An Ethnographer's View of the Haitian Culture

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An Ethnographer 's View of the Haitian Culture

Haiti, a name that means "mountainous country," comes from the language of the Taino Indians who inhabited the island before European colonization. After independence in 1804, the name was taken by the military generals, many of them former slaves, who expelled the French and took possession of the colony then known as Saint Domingue. In 2000, 95 percent of the population was of African descent, and the remaining 5 percent mulatto and white. Some wealthy citizens think of themselves as French, but most residents identify themselves as Haitian and there is a strong sense of nationalism.( 1. qtd in CIA Factbook).
Haiti covers 10,714 square miles. It is located in the subtropics on the western third of Hispaniola, the second largest island in the Caribbean, which it shares with the Spanish-speaking Dominican Republic. The neighboring islands include Cuba, Jamaica, and Puerto Rico. Three-quarters of the terrain is mountainous; the highest peak is the Morne de Selle. The climate is mild, varying with altitude. The mountains are full of calcium and carbonate rather than volcanic terrain and give way to different micro-climatic and soil conditions. A tectonic fault line runs through the country, causing devastating earthquakes. The island is also located within the Caribbean hurricane belt. The population has grown from 431,140 at independence in 1804 to an estimated 8 million in 2000. Haiti is one of the most densely populated countries in the world. According to research completed in December 1999 by the Federal Research Division, until the 1970s, over 80 percent of the population lived in rural areas, and today, over 60 percent continue to live in provincial villages and hamlets scattered across the rural landscape. The capital city is Port-au-Prince, which is five times larger than the next biggest city, Cape Haitian. (2. pg. 252). Orientation is one 's place and direction relative to one 's surroundings; bearing,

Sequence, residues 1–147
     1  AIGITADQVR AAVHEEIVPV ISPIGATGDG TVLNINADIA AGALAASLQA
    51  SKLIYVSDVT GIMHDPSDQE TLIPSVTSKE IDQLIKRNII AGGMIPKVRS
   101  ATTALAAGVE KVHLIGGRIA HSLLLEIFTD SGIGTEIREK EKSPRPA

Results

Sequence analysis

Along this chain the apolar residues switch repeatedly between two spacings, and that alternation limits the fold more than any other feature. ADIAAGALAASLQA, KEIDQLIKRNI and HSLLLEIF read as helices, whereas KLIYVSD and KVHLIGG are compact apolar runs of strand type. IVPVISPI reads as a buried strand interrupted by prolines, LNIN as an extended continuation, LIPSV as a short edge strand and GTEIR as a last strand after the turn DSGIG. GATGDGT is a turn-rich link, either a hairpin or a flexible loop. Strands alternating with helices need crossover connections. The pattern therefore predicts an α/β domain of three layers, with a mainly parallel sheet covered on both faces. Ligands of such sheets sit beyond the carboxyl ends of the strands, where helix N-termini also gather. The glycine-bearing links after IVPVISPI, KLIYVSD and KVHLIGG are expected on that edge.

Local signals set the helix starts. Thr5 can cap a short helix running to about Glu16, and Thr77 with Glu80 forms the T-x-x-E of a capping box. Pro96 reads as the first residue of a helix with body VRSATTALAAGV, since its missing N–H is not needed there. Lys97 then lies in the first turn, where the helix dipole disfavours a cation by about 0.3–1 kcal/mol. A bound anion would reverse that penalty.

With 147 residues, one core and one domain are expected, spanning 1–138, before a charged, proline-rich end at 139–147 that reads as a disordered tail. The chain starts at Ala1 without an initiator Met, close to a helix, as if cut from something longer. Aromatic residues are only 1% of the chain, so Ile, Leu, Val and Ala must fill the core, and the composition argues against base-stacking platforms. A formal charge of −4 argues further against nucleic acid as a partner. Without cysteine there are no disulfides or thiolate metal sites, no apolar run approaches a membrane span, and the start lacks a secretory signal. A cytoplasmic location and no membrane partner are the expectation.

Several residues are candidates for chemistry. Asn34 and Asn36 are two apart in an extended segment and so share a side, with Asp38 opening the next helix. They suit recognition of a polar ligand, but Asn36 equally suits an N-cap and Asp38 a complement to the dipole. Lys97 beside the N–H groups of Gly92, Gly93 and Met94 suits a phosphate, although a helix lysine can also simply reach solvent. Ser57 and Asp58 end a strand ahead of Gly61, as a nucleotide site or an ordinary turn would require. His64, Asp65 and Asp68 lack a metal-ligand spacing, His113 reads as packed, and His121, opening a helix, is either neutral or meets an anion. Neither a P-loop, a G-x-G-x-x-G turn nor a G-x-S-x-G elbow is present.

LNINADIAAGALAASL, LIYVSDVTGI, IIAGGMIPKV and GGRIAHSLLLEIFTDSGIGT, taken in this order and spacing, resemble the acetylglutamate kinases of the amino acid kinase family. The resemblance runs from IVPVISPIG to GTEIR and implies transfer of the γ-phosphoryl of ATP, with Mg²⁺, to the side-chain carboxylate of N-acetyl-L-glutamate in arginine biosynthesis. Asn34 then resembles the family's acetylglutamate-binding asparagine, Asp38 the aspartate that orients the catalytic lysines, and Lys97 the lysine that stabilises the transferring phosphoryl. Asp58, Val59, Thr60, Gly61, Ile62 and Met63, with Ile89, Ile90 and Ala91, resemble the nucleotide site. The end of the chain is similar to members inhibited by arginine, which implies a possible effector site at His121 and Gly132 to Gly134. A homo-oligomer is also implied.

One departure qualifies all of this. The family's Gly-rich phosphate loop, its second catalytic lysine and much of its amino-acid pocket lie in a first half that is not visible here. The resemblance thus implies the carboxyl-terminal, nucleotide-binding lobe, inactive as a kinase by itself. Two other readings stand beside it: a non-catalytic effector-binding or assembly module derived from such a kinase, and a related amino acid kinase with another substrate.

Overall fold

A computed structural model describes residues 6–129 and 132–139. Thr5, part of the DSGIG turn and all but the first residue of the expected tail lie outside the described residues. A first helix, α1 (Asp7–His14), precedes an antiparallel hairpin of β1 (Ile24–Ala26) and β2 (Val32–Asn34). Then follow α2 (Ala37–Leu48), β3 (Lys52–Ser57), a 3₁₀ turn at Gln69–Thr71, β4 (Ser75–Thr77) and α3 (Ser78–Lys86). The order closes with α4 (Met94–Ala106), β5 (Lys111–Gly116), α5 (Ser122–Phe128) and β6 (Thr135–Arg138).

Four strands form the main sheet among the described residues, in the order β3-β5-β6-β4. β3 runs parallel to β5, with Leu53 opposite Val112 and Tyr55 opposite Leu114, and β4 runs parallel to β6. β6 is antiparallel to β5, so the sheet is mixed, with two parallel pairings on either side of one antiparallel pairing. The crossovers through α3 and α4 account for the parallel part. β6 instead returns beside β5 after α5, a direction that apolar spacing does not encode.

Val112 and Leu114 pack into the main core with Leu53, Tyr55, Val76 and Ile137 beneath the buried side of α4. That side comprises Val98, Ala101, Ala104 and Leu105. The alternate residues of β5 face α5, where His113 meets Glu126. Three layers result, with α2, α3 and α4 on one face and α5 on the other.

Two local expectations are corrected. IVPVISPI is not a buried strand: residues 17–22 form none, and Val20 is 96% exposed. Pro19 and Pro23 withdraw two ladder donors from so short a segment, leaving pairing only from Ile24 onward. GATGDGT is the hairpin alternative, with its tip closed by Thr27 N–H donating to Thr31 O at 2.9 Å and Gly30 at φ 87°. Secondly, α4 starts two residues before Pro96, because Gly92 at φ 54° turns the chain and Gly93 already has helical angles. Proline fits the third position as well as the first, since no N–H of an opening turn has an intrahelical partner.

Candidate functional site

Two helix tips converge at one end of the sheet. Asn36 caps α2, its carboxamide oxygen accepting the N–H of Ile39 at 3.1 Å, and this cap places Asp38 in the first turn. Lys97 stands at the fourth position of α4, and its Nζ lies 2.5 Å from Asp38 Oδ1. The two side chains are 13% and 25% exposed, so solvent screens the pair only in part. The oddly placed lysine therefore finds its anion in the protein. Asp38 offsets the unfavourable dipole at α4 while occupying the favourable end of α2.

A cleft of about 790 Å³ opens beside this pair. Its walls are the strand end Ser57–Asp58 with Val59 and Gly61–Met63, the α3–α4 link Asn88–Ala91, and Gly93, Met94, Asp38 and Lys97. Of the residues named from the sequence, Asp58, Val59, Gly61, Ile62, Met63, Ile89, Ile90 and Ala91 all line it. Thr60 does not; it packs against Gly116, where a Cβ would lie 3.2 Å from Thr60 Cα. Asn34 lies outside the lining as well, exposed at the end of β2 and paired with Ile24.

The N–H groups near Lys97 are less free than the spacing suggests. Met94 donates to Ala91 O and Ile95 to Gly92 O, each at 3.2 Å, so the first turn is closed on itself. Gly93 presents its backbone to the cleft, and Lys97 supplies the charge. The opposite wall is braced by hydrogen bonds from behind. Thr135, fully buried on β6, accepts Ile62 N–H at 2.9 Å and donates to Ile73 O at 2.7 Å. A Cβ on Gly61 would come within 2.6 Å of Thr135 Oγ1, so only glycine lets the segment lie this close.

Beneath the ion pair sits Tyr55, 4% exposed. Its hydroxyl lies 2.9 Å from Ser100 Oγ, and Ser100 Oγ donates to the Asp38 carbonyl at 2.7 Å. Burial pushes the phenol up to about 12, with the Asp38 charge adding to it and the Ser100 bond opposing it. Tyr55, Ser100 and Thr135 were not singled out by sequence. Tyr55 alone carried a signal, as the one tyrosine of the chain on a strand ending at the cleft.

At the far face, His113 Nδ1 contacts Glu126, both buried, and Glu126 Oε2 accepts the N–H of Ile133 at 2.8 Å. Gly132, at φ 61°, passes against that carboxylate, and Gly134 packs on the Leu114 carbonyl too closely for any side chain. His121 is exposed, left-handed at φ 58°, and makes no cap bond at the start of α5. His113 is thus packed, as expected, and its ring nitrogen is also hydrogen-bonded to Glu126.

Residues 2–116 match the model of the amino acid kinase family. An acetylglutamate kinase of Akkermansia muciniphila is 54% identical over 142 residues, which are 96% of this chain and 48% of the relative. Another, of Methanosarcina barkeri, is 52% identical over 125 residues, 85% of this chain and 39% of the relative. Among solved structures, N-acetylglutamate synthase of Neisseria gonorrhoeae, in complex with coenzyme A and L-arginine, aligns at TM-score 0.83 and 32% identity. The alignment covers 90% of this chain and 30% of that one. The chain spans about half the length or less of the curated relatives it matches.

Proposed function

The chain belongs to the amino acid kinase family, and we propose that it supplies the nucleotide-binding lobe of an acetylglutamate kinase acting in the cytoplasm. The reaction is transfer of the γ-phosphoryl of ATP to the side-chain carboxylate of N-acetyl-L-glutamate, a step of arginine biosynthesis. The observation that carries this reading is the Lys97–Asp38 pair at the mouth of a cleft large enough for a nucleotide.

Bibliography: Listing: “Haiti.” CIA World Fact Book, 2010. Central Intelligence Agency. July 2009. https://www.cia.gov/library/publications/the-world-factbook/geos/ha.html. Federal Research Division, Ed. Helen Chopin Metz, Dominican Republic and Haiti. Library of Congress, 1999. p 251-492 Cesar Gavria Trujillo, Secretary General of the Organization of American States http://www.oas.org/en/media_center/speech.asp?sCodigo=04- (N.D.) N.P. Crumley, Carole L 1997. Towards a locational definition of a state systems of settlement. American Anthropologist p 67-77 http://www.newworldencyclopedia.org/entry/Haiti N.P. (N.D.) N.Pag. Spradely, James McCurdy, David W. “Glossary” Conformity and Conflict (2008) Boston, New York, San Fransisco, Mexico City, Montreal, Toronto, London, Madrid, Munich, Paris, Hong Kong, Singapore, Tokyo, Cape Town, Sydney: Pearson education, Inc. 2008 p. 1-451

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